The Federal Reserve (Fed) raised interest rates for only the second time since 2008 at the Federal Open Market Committee (FOMC) meeting on December 14th to 0.75%, surprising absolutely no one, and yet the Fed still managed to intensify the sell-off in U.S Treasuries, and cause the U.S. dollar to strengthen even further. For a Fed meeting the outcome of which could not have been less surprising, these moves were unexpected in their strength. 5-year Notes bore the brunt of the sell-off, moving from around 1.89% to 2.05%, with yields managing to edge higher through the remainder of the week, though with the curve flattening somewhat. The U.S. dollar strengthened against all the other major currencies, with the Dollar Index (DXY) reaching 102.90 by the end of the week, its highest level since 2002.
This was caused first by changes in the FOMC members’ forecasts – the “dots” – which showed a move from two to three hikes in 2017. In addition, the median long-run neutral Fed Funds rate was moved back to 3%. Both of these are small changes and are thought to indicate less a change in the Fed’s thinking in aggregate, than a signaling from some of the more influential FOMC voters as to their views on the likely path of rates, and that we should expect some of the other members in essence to catch up in subsequent meetings. It follows that this may be less a literal expectation of one additional hike, than the beginning of a shift towards more rate hikes, coming more frequently.
The statement itself was, as usual, an exercise not unlike the child’s game of looking at 20 objects, leaving the room, and returning to identify which one has changed. On this occasion though, while the framework of the text remained essentially the same, key phrases were added, including: “Market-based measures of inflation compensation have moved up considerably,” and “In view of realized and expected labor market conditions and inflation, the Committee decided…” Indeed, most of the phrases implying hesitancy or equivocation were removed leaving, by the admittedly muted standards of these things, an unabashedly hawkish tone.
Lastly, Fed Chair Janet Yellen gave the now-customary press conference. It was notable mostly for her gymnastic effort not to be drawn on commentary as to future fiscal policy almost immediately falling flat on its face at the hurdle of pro-cyclical infrastructure spending: “I would say at this point that fiscal policy is not obviously needed to provide stimulus to help us get back to full employment,” with the immediate caveat that, “nevertheless let me be careful that I am not trying to provide advice to the new administration or to Congress as to what is the appropriate stance for policy. There are many considerations that Congress needs to take account of and many bases for justifying changing fiscal policy.” We await the change of administration and the Fed’s reaction to it was interest.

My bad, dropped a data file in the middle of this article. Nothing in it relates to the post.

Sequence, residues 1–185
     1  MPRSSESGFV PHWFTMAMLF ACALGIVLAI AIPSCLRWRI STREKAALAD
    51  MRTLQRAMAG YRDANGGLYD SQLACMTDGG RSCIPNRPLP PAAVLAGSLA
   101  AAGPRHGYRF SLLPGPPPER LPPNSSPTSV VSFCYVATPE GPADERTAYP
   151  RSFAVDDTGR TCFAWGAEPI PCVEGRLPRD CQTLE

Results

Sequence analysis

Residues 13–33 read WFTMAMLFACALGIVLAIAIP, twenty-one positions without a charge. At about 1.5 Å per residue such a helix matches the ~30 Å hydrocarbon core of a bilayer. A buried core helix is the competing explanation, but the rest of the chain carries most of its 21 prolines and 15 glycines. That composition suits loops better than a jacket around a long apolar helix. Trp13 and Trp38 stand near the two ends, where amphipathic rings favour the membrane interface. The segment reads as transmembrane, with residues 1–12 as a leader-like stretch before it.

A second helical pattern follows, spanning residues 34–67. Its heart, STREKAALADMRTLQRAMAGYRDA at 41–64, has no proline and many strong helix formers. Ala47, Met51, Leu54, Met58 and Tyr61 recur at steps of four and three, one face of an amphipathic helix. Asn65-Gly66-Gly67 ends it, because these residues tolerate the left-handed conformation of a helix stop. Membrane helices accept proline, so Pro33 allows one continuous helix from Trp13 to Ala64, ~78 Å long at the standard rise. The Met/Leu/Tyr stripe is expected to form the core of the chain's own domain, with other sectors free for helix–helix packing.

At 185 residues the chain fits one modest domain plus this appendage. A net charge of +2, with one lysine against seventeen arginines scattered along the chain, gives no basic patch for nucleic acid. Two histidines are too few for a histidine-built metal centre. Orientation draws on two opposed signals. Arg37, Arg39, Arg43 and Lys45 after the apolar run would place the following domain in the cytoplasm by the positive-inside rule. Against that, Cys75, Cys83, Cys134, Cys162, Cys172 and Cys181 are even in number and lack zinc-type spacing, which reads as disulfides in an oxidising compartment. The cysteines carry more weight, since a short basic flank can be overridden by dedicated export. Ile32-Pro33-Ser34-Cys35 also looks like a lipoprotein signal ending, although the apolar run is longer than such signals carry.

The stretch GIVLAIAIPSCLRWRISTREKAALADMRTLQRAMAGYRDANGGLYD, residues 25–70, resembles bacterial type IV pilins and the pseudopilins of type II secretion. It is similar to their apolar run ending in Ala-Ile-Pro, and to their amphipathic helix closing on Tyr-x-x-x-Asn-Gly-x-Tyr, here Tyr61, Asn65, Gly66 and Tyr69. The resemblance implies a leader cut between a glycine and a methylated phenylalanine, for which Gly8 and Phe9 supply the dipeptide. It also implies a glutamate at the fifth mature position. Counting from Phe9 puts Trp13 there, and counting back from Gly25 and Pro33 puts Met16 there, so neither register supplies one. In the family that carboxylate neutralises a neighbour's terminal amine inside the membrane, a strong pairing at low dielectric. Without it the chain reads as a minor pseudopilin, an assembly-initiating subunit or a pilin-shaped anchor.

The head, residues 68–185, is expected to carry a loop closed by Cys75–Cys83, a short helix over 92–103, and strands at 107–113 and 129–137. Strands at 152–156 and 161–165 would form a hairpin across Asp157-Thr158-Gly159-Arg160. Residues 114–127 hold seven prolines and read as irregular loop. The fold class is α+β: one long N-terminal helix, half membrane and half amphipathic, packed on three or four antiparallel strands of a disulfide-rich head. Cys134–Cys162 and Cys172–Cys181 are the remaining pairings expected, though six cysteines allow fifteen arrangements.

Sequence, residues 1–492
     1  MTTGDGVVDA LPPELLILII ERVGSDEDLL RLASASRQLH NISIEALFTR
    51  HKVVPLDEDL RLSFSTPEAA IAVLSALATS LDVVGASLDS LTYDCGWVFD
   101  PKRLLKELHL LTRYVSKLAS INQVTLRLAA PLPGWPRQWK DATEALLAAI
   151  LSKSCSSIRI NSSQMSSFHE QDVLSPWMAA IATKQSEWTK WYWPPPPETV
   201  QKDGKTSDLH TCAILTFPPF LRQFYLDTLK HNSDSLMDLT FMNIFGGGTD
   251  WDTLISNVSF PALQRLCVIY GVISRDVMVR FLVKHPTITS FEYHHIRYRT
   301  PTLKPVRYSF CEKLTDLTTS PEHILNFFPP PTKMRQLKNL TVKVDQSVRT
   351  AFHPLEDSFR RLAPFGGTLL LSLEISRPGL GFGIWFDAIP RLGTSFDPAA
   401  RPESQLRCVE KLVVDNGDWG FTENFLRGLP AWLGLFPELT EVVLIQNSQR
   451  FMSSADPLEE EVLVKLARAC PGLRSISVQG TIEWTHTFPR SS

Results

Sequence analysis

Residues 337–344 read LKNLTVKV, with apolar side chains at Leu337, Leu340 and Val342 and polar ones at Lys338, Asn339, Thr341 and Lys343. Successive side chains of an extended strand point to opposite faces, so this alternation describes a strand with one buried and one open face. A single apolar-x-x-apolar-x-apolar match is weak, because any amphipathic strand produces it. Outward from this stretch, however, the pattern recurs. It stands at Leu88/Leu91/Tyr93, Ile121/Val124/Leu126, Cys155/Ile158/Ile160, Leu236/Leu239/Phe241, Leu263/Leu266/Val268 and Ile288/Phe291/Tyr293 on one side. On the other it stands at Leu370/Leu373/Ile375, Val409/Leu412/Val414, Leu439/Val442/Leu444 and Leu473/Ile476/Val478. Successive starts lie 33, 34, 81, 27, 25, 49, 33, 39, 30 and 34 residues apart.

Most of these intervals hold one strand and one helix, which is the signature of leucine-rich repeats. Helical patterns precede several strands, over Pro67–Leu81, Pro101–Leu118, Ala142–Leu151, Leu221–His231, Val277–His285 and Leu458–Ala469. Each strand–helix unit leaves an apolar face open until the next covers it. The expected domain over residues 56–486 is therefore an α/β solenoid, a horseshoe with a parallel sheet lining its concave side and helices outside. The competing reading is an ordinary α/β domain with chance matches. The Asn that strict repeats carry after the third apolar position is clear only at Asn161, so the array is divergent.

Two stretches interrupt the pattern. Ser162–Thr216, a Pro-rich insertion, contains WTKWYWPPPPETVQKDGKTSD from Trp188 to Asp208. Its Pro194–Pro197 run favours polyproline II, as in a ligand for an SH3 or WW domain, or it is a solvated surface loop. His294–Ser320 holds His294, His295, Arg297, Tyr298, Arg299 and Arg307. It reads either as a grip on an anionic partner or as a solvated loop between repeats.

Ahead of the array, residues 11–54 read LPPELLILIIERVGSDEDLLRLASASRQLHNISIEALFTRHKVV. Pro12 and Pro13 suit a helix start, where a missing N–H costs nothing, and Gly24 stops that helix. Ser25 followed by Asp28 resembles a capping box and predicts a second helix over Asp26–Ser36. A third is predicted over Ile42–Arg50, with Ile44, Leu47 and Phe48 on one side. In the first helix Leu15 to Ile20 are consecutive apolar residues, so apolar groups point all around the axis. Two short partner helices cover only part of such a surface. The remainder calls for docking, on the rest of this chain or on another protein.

Of more immediate relevance to the path of monetary policy was in response to the suggestion that the Fed had wished to get behind the curve: “I do want to make clear that I have not recommended running a hot economy as some sort of experiment.” There has been a persistent assumption for much of 2016, arguably informed by previous Fed commentaries, that the Fed would be looking largely to wait until some form of equilibrium rate of growth and unemployment and crucially inflation had been reached before meaningfully increasing rates – as opposed to tightening commensurately with these developments so as to arrive at the supposed neutral Fed Funds rate in synchronicity with them. That Chair Yellen was so emphatic to the contrary really shatters this belief, and with is support for the idea this set of rate hikes might be different from previous hiking cycles to the extent it has not already been so.
What we are left with is the idea that rates have little support even at current levels, and that we should probably price an even stronger dollar. While the extent to which monetary conditions have already tightened through currency appreciation is considerable, the Chart of the Week aims to put this in context: as Bachman Turner Overdive put it back in 1974: You Ain’t Seen Nothing Yet.Download to read more